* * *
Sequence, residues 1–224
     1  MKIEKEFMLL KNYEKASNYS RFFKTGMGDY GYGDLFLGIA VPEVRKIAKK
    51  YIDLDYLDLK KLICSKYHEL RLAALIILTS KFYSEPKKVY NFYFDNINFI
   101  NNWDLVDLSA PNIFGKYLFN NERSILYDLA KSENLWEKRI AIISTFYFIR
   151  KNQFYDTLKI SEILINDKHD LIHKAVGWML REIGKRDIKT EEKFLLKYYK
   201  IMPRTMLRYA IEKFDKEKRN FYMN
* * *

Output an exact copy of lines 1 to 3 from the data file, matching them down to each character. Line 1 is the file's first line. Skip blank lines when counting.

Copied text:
Sequence, residues 1–224
     1  MKIEKEFMLL KNYEKASNYS RFFKTGMGDY GYGDLFLGIA VPEVRKIAKK
    51  YIDLDYLDLK KLICSKYHEL RLAALIILTS KFYSEPKKVY NFYFDNINFI